The lack of apps specifically built for watches are another issue as of right now.  That will go away as the products are on the market longer, but when the Galaxy Gear launched there were only 70 Apps 9 available in the App Store.  Lack of availability of apps is one of things that drove Black Berry 10 to where it is today.  Mobile web and apps are king and the companies involved in smart watch production will need to figure this out early to be successful.

The current crop of smart watches are also tethered devices.  Meaning that they are not independently functioning products on their own.  They have to be within a short distance of a smartphone.  The watches are still able to keep time and there are a few features that they are likely able to handle natively, but any of the true smart technology, like reading a tweet or checking an email is impossible if the device is not connected to a smartphone.  This lack of independence means that until some improvements are made, people will have to carry two devices around with them.  This is far from a death sentence for smart watches and it is likely an issue that will be addressed in the near future as more competitors come into the field.

Challenges for Smart Glasses:

In a previous article we mentioned a criminal case where a woman was ticketed for wearing Google Glass while driving.  There have also been numerous bars 11 that have outright banned patrons from wearing Google Glass inside of their businesses.  These are typical challenges for any technology that people might initially be afraid of but later come to adopt.

There seems to be some unease in the general public surrounding privacy and security concerns that Google Glass will have to deal with.  Beyond this, there is also the fashion side of glass.  CEO of Apple, Tim Cook said of glasses, “I don’t know a lot of people who wear them because they don’t have to.” 12 This is a major hurdle for smart glasses that Google has been working on since the conception.  Google understands that in order for them to gain wide acceptance, they are going to need to be fashionably appealing and as minimalist as possible which is why they partnered with LensCrafters to make the frames interchangeable for regular glasses and Google Glass wearers.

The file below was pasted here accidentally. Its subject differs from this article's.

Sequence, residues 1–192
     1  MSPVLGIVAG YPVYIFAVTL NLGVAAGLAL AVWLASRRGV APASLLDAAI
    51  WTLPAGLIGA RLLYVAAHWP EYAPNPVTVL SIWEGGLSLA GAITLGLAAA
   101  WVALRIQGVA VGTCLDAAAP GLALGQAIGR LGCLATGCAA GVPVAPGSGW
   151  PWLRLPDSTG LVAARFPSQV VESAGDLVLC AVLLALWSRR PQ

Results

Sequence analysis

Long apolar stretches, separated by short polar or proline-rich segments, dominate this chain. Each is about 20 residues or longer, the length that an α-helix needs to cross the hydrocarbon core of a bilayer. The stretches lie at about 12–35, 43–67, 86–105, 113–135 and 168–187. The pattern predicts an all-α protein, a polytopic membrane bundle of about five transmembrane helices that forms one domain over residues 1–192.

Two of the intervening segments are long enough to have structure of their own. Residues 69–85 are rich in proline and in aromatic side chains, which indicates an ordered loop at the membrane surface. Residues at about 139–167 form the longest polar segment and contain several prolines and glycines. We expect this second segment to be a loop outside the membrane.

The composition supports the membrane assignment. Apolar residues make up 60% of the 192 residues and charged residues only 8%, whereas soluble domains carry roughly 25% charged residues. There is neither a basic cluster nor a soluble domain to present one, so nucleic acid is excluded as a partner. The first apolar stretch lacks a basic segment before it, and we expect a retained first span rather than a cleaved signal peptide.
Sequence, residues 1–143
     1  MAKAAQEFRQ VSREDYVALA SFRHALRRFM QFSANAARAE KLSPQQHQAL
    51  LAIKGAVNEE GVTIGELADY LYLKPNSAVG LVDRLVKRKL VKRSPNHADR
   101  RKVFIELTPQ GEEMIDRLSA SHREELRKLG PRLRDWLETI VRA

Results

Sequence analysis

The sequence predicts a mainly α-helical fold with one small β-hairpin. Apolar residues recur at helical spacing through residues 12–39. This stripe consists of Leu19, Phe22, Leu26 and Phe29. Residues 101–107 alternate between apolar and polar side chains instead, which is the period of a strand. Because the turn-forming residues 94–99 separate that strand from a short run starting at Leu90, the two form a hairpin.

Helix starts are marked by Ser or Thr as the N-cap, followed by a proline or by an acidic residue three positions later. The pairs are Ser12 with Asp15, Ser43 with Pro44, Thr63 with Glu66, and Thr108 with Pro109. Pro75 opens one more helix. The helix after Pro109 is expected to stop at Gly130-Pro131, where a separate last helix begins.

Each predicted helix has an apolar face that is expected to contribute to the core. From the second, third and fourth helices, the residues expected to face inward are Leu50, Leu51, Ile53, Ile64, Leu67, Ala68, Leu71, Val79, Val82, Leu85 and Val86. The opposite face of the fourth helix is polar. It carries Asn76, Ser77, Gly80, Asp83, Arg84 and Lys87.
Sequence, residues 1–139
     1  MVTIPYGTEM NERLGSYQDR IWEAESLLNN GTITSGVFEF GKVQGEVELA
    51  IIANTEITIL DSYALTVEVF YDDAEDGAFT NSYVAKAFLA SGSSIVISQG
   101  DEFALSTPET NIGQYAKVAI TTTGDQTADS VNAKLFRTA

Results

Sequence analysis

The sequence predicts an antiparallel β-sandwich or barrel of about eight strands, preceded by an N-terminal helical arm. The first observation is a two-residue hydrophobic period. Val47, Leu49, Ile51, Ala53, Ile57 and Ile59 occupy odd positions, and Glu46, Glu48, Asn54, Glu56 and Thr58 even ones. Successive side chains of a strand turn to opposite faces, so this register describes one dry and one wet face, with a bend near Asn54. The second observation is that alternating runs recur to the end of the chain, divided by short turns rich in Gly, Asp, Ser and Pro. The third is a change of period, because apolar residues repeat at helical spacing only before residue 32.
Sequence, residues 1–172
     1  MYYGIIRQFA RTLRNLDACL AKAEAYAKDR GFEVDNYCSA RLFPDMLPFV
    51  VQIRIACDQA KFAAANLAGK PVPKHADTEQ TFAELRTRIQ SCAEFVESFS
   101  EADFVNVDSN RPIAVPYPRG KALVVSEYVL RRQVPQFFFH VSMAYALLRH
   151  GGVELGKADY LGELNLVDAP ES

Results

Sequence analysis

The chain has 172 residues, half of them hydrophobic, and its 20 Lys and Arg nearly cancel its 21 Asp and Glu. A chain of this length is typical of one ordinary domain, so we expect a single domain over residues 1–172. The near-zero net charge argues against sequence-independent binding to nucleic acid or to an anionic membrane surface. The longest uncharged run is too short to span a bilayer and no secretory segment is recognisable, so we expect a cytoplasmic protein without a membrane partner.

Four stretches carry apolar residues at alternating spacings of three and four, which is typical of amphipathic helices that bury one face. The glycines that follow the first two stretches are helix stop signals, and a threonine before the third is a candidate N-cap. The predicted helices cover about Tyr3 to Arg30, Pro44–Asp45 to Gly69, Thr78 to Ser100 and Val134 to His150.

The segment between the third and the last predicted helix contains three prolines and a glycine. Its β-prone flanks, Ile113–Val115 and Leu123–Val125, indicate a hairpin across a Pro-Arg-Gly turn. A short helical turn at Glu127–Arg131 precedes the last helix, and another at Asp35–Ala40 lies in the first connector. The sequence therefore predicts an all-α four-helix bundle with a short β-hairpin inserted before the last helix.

Short Term Winner:  Smart Watches

At this point it appears that smart watches are ahead.  Our collective history of using watches as a device for providing information makes them a natural fit for smart technology.  Glasses are historically linked as devices designed to improve vision.  In fact, people’s desire to be glasses free was the motivation behind the contact lens industry.  If smart watch manufactures are able to overcome the challenges they face it is very likely that smart watches will become another important facet of the mobile technology market.

1.  http://www.usatoday.com/story/tech/personal/2013/04/03/mobile-phone-turns-40/2048889/

2.http://www.tourneau.com/catalog/editorial_onecolumn.jsp?pageName=HistoryOfTimeKeepingTimeline

3.  http://www.sonymobile.com/us/products/accessories/smartwatch/

4.  http://www.samsung.com/global/microsite/galaxynote3-gear/

5.http://www.ibtimes.com/apple-iwatch-rumors-smart-watch-could-feature-oled-display-different-screen-sizes-men-women-1469848

6.  http://www.google.com/glass/start/

7.  http://money.cnn.com/2013/11/11/technology/google-glass-report/

8.  http://gopro.com/

9.http://news.cnet.com/8301-1035_3-57609639-94/this-is-why-there-arent-more-samsung-galaxy-gear-apps/

10.  http://www.lostinmobile.com/home/blackberry-dies-again.html

11.http://www.google.com/url?q=http%3A%2F%2Ftechnorati.com%2Fsocial-media%2Farticle%2Fgoogle-glass-banned-in-a-bar%2F&sa=D&sntz=1&usg=AFQjCNFJd9bCzyN9lTudih6lzWLRnPNTAg

12.  http://www.fool.com/investing/general/2013/05/29/is-tim-cook-wrong-about-google.aspx

Written By: Paul Scavitto (26 Posts)

Paul Scavitto holds a Masters Degree in Education and currently teaches English at a small private high school in Vermont. He has held positions in a number of industries including sales, state bureaucracy and corrections. His background includes training in business management and customer service best practices and he is an avid follower of trends in business technology. Currently, he is the lead writer for the Barcode Publicity Blog.